Long-term Observation of Acute Gastric Ulcer in the Pyloric Antrum T. Matsumoto 1 , A. Matsumoto 1 , K. Takagi 2 1Matsumoto Gastroenterological Clinic 2Dept. of Surgery, Cancer Institute Hospital pp.1495-1498
Published Date 1979/11/25
DOI https://doi.org/10.11477/mf.1403107826
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 The patient is a male, chauffeur, aged 29. On August 18,1976, he was hospitalized because of severe epigastric pain which developed abruptly. The pain was almost gone in three days. The gastric examination immediately after the onset revealed tonic narrowing of the antrum, and endoscopy disclosed there edematous narrowing and multiple blackish hemorrhagic erosions. One week after the onset the blackish erosions were replaced by multiple ulcers with coat, and several days later, marked symmetric ulcers were seen on the anterior and posterior wall of the antral region with the lesser curvature in the center. These were healed in a month, leaving ulcer scars behind. About three years after the healing, the cicatrices still remained. In this case neither relapse nor development into chronic ulcer was visible.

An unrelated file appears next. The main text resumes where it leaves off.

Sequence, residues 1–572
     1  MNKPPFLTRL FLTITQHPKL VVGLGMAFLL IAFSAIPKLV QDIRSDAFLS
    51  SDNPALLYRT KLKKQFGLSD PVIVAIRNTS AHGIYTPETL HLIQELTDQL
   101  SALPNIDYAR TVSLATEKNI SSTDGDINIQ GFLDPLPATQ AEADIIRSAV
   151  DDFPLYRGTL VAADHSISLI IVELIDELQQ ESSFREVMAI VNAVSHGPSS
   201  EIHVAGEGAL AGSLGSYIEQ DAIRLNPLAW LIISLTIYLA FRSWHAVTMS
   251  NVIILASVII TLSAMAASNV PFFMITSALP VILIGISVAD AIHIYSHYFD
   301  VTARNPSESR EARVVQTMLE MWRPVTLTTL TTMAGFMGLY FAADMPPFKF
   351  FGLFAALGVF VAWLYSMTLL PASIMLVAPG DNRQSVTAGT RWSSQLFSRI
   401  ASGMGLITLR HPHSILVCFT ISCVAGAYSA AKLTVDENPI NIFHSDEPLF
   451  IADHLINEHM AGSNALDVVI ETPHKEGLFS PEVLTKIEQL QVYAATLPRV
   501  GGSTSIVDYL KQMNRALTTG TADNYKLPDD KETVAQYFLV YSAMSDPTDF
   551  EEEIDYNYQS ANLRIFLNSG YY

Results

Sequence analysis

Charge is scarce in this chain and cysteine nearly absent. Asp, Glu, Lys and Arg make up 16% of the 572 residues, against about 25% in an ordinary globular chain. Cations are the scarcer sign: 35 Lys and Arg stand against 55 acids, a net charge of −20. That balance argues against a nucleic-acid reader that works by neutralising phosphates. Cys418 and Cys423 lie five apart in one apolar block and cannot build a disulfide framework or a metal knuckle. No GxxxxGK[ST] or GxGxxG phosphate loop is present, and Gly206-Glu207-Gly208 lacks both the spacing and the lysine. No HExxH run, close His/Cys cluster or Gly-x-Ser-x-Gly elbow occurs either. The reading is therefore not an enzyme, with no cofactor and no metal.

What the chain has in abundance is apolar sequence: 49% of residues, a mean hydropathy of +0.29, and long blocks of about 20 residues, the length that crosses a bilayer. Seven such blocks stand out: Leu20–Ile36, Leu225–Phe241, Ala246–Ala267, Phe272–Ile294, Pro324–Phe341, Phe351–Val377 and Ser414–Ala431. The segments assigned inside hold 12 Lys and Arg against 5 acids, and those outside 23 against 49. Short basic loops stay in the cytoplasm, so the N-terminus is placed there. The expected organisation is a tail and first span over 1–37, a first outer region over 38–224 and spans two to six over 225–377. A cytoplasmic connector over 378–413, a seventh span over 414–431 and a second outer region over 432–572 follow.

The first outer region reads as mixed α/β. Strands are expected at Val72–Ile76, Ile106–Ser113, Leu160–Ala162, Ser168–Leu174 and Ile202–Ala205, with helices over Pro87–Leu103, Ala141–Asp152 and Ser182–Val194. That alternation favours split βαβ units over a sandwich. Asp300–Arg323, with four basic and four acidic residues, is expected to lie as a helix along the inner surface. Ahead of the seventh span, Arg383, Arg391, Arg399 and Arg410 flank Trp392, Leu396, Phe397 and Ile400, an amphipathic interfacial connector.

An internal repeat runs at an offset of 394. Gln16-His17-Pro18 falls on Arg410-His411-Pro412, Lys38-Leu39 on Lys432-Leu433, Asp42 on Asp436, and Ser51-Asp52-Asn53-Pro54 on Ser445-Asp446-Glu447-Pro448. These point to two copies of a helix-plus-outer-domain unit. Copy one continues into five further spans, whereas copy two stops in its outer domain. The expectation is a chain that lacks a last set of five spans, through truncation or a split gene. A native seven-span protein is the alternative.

Investigation on 103 cases of acute lesions in the pyloric antrum revealed that three findings: 1) abrupt severe epigastric pain, 2) tonic narrowing of the pyloric antrum, and 3) multiple ulcerous lesions in the same part, seemed to be mandatory conditions for the development of this disease at the beginning.

 The observation of the disease course in the author's cases having three findings suggests that the acute ulcerous lesions in the pyloric antrum might be different from the so-called peptic ulcer, and there be three types in its disease course: 1) healing in the stage of hemorrhagic erosion (mild case),2) turning of hemorrhagic erosion into ulcer without cicatrization (moderate case), and 3) developing into the symmetric ulcers leaving marked cicatrices behind (severe case). This kind of ulcer has never been accompanied by massive hemorrhage or perforation, and completely healed in about a month without relapse or transition to chronic ulcer.

Copyright © 1979, Igaku-Shoin Ltd. All rights reserved.


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